This novel follows two timelines, both with the central character of a woman. One takes place in the late 1950s in Japan. The young woman, Naoko Nakamura, is a schoolgirl from a good family who has secretly begun a relationship with a young American navy sailor. The two truly care about each other, but Naoko is being pressured by her father and older brother to marry a man who is the son of a business associate of her father's, partly as a means of helping the family trading business' future. She has been hesitant to let them know of the identity of her suitor, and they only realize when he comes to the house for a pre-arranged courtship meeting. What Naoko hasn't told even the sailor is that she is pregnant with his child. She doesn't want him to think that she is trying to trap him into marriage. But the consequences of her situation are beyond what she imagined, and she must rely on her wits and resilience to find a way forward.
In the present day, Tori Kovač is an investigative journalist and only child. She has a close relationship with her father James, but as he nears the end of his life, and tries to share with her a secret that he's kept for decades, she doesn't understand until it is too late. Then she begins a journey to find the truth about his past for herself.
This is a story of love that crossed boundaries that were huge at the time, and how two teenagers tried to surmount them. It is a story of cultural differences, and societal expectations, and a modern day view of the situation.
An engaging story with some interesting historical information too.

Sunday 9 June 2019

Tiny Little Thing

Finished June 6
Tiny Little Thing by Beatriz Williams, read by Kathleen McInerney

This book is one I grabbed to listen to because I so enjoyed the author's Along the Infinite Sea. This book actually occurs in time just before that one, and features Tiny, the sister of Pepper, the main character of the other book. Pepper has a large role in this one too, displaying all the moxie she showed in the companion novel.
Tiny is less fearless than Pepper, and her life has been spent pleasing others, doing what's expected of her, even when she doesn't actually want to. Tiny cares about what people think of her, and she wants to be the daughter her mother has wanted her and raised her to be.
The novel moves back and forth between the summer of 1966 and two years earlier, when Tiny was reconsidering her choices. Which brings us to the other main character of this book, Captain Caspian Harrison, a career soldier, and a cousin to the man that Tiny is about to marry in 1964. Because of the two timelines, we know that Tiny did indeed marry Frank, but we don't know what happened between her and Caspian back in 1964, and we do know that Tiny is once again unhappy with her situation and considering her choices.
I was appalled at the actions of some of the characters, and feared for Tiny at one point. I enjoyed meeting Tiny's unconventional mother, and the character of Caspian. I liked seeing Tiny develop into a more independent woman, and take her life into her own hands.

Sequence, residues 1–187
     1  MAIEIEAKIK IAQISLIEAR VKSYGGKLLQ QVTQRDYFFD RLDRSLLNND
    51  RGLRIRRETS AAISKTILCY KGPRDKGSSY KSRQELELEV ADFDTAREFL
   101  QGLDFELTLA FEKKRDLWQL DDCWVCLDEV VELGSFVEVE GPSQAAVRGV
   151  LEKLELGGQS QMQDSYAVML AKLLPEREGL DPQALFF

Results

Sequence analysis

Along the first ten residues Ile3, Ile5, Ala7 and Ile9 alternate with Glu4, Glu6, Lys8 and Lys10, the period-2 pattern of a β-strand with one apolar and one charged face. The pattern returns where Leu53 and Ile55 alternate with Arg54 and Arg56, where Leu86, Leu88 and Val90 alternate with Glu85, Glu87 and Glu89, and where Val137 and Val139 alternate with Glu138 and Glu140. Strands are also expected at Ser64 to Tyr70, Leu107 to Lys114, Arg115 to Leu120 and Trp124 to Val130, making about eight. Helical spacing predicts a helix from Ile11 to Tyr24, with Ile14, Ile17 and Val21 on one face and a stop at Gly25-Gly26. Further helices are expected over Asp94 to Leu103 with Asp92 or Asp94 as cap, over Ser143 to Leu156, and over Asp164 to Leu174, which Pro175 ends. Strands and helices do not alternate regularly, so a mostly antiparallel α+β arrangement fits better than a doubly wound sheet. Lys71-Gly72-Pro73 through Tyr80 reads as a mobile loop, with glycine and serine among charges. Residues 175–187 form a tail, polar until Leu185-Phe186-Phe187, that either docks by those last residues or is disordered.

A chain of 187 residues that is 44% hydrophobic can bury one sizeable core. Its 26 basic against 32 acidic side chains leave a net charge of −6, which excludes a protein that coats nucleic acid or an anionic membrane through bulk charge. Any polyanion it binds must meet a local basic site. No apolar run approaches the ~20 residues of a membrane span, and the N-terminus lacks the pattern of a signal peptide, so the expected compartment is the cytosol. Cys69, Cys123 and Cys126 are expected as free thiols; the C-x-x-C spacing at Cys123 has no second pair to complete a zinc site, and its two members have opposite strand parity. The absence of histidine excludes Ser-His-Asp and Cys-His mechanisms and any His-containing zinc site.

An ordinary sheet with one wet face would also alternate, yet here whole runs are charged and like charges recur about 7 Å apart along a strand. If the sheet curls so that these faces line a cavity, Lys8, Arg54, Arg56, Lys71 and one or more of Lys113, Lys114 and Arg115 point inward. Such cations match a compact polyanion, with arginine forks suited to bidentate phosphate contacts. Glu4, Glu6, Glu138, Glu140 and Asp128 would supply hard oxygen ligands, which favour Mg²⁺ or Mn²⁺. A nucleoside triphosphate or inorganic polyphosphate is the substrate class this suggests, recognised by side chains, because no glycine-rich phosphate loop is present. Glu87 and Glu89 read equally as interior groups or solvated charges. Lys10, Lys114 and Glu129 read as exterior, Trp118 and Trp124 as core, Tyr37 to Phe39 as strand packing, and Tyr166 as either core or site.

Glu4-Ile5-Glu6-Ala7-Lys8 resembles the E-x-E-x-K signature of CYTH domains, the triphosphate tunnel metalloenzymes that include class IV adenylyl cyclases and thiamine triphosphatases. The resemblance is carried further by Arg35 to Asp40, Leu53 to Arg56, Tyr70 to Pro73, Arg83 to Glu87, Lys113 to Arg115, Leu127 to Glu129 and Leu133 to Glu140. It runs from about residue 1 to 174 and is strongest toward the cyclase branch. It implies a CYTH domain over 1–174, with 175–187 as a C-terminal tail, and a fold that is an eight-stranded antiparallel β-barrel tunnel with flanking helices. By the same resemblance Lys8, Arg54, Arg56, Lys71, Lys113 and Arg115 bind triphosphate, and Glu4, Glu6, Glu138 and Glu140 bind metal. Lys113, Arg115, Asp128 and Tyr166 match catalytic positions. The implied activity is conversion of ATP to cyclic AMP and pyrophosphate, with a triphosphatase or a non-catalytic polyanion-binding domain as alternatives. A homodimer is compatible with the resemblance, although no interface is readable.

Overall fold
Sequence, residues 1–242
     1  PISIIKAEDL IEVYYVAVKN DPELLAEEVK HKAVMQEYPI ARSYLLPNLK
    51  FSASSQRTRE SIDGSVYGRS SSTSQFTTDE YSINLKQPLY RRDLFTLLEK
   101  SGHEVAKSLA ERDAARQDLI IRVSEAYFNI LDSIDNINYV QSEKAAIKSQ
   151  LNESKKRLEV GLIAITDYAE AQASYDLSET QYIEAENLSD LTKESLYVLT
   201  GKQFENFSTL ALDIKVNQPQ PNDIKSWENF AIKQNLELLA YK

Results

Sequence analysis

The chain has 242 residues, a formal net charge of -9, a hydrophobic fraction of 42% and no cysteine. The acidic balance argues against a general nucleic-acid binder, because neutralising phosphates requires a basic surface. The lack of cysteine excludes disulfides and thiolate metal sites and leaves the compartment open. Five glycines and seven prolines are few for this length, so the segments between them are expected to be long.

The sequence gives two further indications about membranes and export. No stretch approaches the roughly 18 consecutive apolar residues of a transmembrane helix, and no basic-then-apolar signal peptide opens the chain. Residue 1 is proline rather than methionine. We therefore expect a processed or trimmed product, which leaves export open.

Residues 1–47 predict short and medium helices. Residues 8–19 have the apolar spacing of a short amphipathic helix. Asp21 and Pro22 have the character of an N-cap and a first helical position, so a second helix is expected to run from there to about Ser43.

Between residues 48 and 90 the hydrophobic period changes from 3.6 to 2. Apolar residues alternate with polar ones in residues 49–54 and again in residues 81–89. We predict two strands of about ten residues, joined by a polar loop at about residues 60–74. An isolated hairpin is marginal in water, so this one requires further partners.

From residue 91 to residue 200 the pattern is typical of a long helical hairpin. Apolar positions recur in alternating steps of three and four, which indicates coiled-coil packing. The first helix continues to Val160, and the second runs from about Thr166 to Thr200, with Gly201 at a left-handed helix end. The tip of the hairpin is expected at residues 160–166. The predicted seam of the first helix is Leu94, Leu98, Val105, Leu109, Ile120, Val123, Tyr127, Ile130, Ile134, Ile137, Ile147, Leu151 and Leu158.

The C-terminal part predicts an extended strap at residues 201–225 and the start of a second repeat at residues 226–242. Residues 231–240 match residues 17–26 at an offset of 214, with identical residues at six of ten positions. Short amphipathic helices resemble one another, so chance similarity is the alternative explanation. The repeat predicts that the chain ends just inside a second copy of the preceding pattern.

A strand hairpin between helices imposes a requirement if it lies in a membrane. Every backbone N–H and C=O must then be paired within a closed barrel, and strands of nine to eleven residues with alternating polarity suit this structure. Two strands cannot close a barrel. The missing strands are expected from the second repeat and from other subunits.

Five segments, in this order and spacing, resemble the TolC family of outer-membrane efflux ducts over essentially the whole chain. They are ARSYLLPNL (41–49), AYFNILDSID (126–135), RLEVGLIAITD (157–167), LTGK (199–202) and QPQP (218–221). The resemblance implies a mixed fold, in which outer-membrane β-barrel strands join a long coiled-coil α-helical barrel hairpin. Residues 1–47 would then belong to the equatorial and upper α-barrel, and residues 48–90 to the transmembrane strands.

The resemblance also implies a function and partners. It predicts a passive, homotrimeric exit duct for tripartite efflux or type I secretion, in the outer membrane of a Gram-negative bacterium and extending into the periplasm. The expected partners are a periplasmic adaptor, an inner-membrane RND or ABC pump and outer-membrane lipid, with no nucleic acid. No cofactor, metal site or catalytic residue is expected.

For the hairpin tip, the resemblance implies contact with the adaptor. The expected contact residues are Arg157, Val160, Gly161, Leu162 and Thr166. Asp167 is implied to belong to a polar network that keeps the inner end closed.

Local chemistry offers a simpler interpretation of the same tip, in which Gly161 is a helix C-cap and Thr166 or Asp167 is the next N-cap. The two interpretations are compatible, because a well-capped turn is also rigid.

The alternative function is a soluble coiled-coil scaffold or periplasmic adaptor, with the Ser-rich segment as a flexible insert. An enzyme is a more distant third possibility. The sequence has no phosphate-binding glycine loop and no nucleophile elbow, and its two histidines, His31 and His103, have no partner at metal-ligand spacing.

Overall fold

This is a novel of secrets, of ambition, and of love.
Now I'm hoping to read more about this interesting Schuyler family.

Paris at the End of the World

Finished June 4
Paris at the End of the World: The City of Light During the Great War, 1914-1918 by John Baxter

This book has a split focus. Part of it is following the experiences of John's grandfather as he left his family in Australia and signed up to be a soldier in Europe. The other is the one in the title, Paris herself during this historic time. The book moves back and forth between these two things.
On the personal side, John was looking to both discover what his grandfather's motives and experiences were, and find out where he was during his time in Europe.
On the bigger picture side, John used a variety of historical items and situations to bring this time in Paris to life. He looks at a variety of historical figures including Jean Cocteau, Misia Sert, Douglas Haig, Rupert Brooke, and Joseph-Simon Gallieni. He uses contemporaneous news and entertainment magazines, postcards, ephemera, and other resources to bring the city of Paris and its people to life.
There are lots of little tidbits of information the author shows here that humanizes the people he writes about and makes the book very interesting.

Breathe In, Cash Out

Finished June 2
Breathe In, Cash Out by Madeleine Henry

The main character in this book is Allegra Cobb, a young woman driven to succeed. Her mother died when she was young, and her father is her biggest cheerleader, pushing her to be the best at whatever she does. She graduated from Princeton University, going right into an analyst job at Anderson Shaw. During her college years, she had a point where she lost her way a bit and found yoga. With her father's support, she applied for the American Yoga National Competition and won. This didn't change her goal to get a job at Anderson Shaw, but it did change her long-term outlook. Allegra is nearing the end of her second year as an analyst, a point where people normally make a move in some direction. She's been living as leanly as possible, saving as much as possible so she can move into a career as a yoga instructor, something she's pretty sure no one else in her firm is considering.
As the book begins, she is in a yoga class, and another member of the class propositions her. Out of character, Allegra gives in, and the next morning discovers that the man is her new boss.
This puts her in a vulnerable position and she is open to an overture from another young woman who's made a name for herself in the yoga world, and who has reached out to Allegra.
Thus begins a time in which Allegra's life takes a turn for the chaotic. Surviving on a minimum of sleep, working on intense projects, and lacking the focus she should be giving her current project, Allegra makes a few bad calls, and then has to determine how to move forward.
I liked Allegra and her cube mates. and there is lots of good humorous moments here. It has romance, interesting information about both the investment banking world and the yoga world, and a fun plot. I really enjoyed it.
I also found it interesting that the author's life has some of the same elements. Madeleine Henry is a Yale graduate who worked for Goldman Sachs and in investment banking in New York City, and yoga plays a big role in her life.